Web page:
New York Philharmomic music director blogs for Gramophone
I paid a visit to Alan Gilbert (who is a client of our company, 21C Media Group) tonight to chat a bit about the press conference that the New York Philharmonic is holding tomorrow to announce its 2010-11 season, his second as the orchestra’s music director. As we chatted (and drank sake and sampled his truly yummy Tuscan bean soup that he invented and cooked) he told me about his remarkable past few weeks. As the story unfolded I thought that what he was saying would make a perfect blog post. The text that follows is entirely his own.
My wife and I are expecting our third child any day now. Preparing for a new kid in a city that is new to us as a family has already given us plenty to think about. It would have been enough without having to do a major European tour with the New York Philharmonic and other subscription performances in NYC as well.
The last month has been frankly surreal with the possibility of Kajsa’s giving birth constantly in the back of my mind. While I was in tour in Europe I didn’t think it was that likely, but I couldn’t ignore the possibility that it would happen. I was relieved when I got back to New York City since at least I knew that I was in striking distance. Even so, it’s been amusing seeing the folks at the New York Philharmonic on high alert preparing for every eventuality – not least Daniel Boico, my assistant, who has been ready to go and take over conducting duties at the drop of a hat (or a baby).
Part of me actually enjoyed the idea of giving Danny the opportunity to have his Carnegie debut, but I’d be lying if I didn’t admit that I had been relishing the chance to do this particular programme with the New York Philharmonic at Carnegie Hall.
For I’ve been looking forward to doing these particular pieces in Carnegie for a long time. The Rienzi overture is a piece that I’ve always associated with Carnegie Hall because my father has spoken of a memorable performance of that piece that he played with Leopold Stokowski conducting. My Dad said he’ll never forget Leonard Bernstein listening backstage literally leaping up and down in time with the music – beside himself with the excitement that Stokowski was creating on stage. During my performance thoughts of Lenny, Stokowski and my father, who was in the audience on Saturday night, flashed through my head.
I was also looking forward to doing the Clarinet Concerto of Magnus Lindberg. When we chose Magnus as composer in residence I looked at the history of performances his music has had in the US and I was amazed that the Clarinet Concerto had never been done: how great that we would have the chance to do the US premiere! Early on in programming discussions I said that for our first Carnegie concert during my music directorship I wanted to present this piece, and that it happened was the realisation of a dream. It was particularly gratifying to see and feel the response his work provoked. I think that Magnus and his reputation have assumed their rightful place in the musical life of New York. That this has happened so soon after he became composer in residence is particularly thrilling to me.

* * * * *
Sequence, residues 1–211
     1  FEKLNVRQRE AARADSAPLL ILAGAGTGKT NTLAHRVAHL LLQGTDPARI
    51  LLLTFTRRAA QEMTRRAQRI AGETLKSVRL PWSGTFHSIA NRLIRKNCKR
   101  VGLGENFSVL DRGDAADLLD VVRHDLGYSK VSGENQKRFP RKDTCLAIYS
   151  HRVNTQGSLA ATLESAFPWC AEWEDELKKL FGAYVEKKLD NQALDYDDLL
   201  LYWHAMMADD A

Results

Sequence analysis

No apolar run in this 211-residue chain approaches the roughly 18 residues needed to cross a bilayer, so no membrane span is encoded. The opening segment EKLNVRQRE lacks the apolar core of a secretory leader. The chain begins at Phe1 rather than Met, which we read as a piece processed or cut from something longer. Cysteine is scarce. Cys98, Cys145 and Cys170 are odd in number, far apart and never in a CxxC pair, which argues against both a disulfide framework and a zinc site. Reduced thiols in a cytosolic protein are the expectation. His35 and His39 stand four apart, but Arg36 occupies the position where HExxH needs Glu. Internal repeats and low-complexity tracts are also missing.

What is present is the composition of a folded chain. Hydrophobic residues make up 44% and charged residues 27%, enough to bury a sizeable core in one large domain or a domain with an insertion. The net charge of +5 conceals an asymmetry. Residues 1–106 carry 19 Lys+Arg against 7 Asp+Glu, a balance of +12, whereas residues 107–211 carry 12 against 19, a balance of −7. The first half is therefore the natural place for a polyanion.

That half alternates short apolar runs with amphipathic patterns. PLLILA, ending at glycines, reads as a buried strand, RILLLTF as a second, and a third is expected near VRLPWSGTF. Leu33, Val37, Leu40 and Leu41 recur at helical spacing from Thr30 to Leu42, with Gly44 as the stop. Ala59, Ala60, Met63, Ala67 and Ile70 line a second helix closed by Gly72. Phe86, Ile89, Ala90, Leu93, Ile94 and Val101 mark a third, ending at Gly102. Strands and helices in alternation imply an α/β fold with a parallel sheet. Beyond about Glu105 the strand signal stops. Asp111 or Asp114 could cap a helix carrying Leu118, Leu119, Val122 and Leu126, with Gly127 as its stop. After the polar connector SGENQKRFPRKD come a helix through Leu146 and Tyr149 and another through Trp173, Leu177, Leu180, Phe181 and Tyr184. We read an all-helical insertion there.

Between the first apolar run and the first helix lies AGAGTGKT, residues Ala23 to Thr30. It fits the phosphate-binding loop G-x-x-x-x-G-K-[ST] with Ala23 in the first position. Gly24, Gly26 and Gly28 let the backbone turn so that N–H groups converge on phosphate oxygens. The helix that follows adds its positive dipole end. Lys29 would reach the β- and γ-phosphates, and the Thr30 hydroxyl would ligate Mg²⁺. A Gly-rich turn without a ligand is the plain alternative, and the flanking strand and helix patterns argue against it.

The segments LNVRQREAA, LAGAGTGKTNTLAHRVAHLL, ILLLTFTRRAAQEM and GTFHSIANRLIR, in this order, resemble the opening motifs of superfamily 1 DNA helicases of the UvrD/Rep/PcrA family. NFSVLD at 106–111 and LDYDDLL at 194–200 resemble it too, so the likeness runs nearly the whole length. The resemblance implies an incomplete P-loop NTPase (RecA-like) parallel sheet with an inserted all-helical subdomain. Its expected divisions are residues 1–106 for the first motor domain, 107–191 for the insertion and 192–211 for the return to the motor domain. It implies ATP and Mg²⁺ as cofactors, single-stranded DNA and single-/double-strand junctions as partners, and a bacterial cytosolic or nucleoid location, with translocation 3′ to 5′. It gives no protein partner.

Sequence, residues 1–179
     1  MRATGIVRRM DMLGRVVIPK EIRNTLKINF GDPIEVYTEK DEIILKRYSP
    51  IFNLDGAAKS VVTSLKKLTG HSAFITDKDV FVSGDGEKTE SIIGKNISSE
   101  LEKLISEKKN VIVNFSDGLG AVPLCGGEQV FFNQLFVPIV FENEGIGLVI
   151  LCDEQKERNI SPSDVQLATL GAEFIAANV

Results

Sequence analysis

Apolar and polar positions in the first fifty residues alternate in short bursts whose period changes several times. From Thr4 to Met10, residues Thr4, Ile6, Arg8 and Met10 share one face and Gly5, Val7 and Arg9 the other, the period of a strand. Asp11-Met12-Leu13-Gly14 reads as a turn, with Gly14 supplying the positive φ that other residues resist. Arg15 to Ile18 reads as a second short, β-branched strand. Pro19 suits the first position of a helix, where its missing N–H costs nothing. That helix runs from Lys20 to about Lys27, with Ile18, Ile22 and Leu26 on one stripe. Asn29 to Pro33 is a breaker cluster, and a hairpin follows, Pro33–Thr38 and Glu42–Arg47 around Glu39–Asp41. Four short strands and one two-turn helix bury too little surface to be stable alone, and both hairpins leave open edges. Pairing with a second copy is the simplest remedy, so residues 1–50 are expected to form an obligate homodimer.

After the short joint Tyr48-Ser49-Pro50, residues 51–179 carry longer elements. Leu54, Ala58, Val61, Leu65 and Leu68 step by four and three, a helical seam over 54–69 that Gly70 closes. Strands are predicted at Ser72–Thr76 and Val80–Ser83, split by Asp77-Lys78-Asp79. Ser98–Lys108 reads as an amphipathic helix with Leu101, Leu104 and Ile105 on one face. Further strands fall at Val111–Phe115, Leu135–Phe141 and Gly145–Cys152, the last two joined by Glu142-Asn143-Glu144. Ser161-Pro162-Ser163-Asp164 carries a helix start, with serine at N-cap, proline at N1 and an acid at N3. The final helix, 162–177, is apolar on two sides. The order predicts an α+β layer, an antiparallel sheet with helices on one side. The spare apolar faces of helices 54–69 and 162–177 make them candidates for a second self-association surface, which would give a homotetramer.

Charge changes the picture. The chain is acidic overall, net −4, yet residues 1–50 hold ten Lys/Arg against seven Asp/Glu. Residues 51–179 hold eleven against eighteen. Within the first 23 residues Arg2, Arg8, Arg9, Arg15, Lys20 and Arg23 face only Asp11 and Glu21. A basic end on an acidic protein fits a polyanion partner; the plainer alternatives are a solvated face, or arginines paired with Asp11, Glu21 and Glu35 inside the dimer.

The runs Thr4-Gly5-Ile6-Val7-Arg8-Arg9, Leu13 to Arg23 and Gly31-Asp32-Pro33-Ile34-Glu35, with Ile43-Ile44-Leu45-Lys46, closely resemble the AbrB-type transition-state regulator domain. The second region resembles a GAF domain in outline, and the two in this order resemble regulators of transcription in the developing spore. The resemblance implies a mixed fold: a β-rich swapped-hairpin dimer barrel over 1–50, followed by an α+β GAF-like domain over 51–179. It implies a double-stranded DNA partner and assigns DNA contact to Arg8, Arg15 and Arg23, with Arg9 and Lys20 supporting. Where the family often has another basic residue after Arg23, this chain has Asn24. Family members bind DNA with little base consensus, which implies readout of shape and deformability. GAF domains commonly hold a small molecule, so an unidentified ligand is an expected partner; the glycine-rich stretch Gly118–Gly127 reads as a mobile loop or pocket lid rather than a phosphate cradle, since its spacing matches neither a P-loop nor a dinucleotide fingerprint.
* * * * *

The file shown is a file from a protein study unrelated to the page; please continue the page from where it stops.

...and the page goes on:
A little over a week ago I performed the Sibelius Second Symphony on tour with the Phil in London. It was the penultimate concert performance on a tiring tour, a tour that actually has felt as if it never ended because we came directly into more rehearsals and performances just three days after returning to New York. How the New York Philharmonic is able under adverse conditions to come up with performances that are so fresh and vital amazes me. There was a special excitement that I felt on Saturday night. The orchestra played the work with the commitment and enthusiasm that one would expect at a first performance. And I must say that nothing anywhere equals the electricity and connection one feels as a performer with the audience at Carnegie.
Unusually, I had moments during a performance when I stepped outside of myself and thought of my wife in the audience hoping that the contractions weren’t getting too severe. But mostly I was completely swept along by the power of the music.
We finished the programme with an encore by Sibelius – Valse Triste, one of my favourite pieces of all. I must say – I felt like an honorary Finn, proud to have this connection with this country that has done so much for music.
Now all we have to do is have a baby.
Alan Gilbert, New York City, February 15, 2010